Residential Versus Commercial Design

By Michelle Ecker on June 14th, 2018
Residential Versus Commercial Design

When it comes to professional interior design, the type of work you practice will generally fall into one of two categories- residential or commercial. Many designers practice both areas of professional design, completing projects for homeowners, small businesses, and even larger commercial clients alike. However, the distinction is still an important one to understand, especially as a beginner.

Residential Interior Design

In residential design, you will be planning and designing spaces within a client’s home or apartment. Most often, if you decide to specialize in home design, you will take it a step further and additionally specialize in a specific aspect of residential design. Maybe you’d be a kitchen redesign expert, a home office organizer, or a custom furniture designer.

Your projects will range from totally new construction- people who just built a home and want you to style its interior from start to finish- to projects in which you’re helping clients highlight, rearrange and repurpose some furniture and décor they already own in a room redesign project. You might help suggest paint colors, furniture, or new décor to clients to purchase in supplement to what they already own as well, all in an effort to enhance their home space.

On a higher level, you might make much more substantial redesign recommendations when it comes to home style. Maybe you feel a home could benefit from a more open, airy layout- you might recommend the addition or elimination of entire walls. Maybe you’ll suggest the installation of a skylight or new ceiling design to add an interesting element, maybe new flooring and floor design, trim work, an exciting light installation- the list goes on.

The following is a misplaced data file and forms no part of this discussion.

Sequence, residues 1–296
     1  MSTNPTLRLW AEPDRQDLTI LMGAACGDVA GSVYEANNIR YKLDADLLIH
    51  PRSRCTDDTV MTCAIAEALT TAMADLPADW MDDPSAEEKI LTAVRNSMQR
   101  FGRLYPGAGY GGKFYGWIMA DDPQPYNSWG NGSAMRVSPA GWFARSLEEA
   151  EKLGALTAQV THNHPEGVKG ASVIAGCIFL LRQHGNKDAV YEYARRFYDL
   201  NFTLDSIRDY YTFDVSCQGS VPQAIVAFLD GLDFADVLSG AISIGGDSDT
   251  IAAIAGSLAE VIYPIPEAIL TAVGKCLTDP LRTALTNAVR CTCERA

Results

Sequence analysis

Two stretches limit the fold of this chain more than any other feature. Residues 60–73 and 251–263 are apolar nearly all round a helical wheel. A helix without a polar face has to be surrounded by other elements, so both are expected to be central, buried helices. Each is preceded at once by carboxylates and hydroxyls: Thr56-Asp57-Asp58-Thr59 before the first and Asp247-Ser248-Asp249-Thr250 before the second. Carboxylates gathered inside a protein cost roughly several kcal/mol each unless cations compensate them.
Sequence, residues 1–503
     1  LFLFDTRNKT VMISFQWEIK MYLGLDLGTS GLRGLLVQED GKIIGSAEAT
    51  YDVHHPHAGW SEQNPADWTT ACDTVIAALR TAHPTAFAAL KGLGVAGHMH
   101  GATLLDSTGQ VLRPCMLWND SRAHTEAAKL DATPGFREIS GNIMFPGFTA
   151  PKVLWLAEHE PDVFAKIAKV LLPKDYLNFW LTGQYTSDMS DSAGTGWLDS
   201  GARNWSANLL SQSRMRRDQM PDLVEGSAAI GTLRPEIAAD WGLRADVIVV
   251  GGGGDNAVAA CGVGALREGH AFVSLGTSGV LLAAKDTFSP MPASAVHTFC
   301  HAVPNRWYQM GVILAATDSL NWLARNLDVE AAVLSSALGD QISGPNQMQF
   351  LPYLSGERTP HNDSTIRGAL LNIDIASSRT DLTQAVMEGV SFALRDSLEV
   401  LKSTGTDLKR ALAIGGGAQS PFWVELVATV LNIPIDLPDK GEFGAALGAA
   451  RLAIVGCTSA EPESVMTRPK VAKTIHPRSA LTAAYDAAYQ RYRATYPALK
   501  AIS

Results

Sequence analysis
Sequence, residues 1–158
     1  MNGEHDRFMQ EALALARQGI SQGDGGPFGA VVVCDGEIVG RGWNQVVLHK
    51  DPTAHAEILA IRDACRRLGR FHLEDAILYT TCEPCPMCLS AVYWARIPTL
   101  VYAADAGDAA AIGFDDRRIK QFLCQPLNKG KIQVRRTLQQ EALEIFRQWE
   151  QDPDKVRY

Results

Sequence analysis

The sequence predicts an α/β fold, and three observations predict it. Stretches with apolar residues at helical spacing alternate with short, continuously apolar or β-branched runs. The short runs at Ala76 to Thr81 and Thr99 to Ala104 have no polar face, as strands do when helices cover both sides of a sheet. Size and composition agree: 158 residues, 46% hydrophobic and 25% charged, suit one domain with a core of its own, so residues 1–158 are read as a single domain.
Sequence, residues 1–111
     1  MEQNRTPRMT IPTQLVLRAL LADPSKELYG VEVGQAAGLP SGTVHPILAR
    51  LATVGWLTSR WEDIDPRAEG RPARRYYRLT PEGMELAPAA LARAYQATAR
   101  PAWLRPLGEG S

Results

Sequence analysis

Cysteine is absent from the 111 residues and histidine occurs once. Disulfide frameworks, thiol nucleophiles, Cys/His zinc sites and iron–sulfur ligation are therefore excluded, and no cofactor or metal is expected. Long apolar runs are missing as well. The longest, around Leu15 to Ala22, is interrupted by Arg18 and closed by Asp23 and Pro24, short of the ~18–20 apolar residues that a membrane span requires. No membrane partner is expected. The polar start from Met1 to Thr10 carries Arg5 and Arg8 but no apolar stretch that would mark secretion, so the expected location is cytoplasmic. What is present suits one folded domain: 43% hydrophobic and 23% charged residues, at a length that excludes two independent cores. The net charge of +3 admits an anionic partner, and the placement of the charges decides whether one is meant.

Read a Comprehensive Interior Design Career Guide.

Commercial Interior Design

If you decide to specialize in commercial interior design, you will be planning and designing business places- offices, small local businesses, restaurants, stores, etc. This design niche offers a lot of opportunity, and can be an extremely lucrative one.

Similar to residential designers, commercial designers also often choose a specialization. This is often a product of experience. After designing for several years completing a number of different projects for different clients, you might find you prefer, or excel, at restaurant redesigns for example. Having a niche like that is a great way to market yourself and define a personal brand that sets you apart.

Whatever you’re preference, it’s important to determine the interior design education requirements that best correspond with your specialization of choice.


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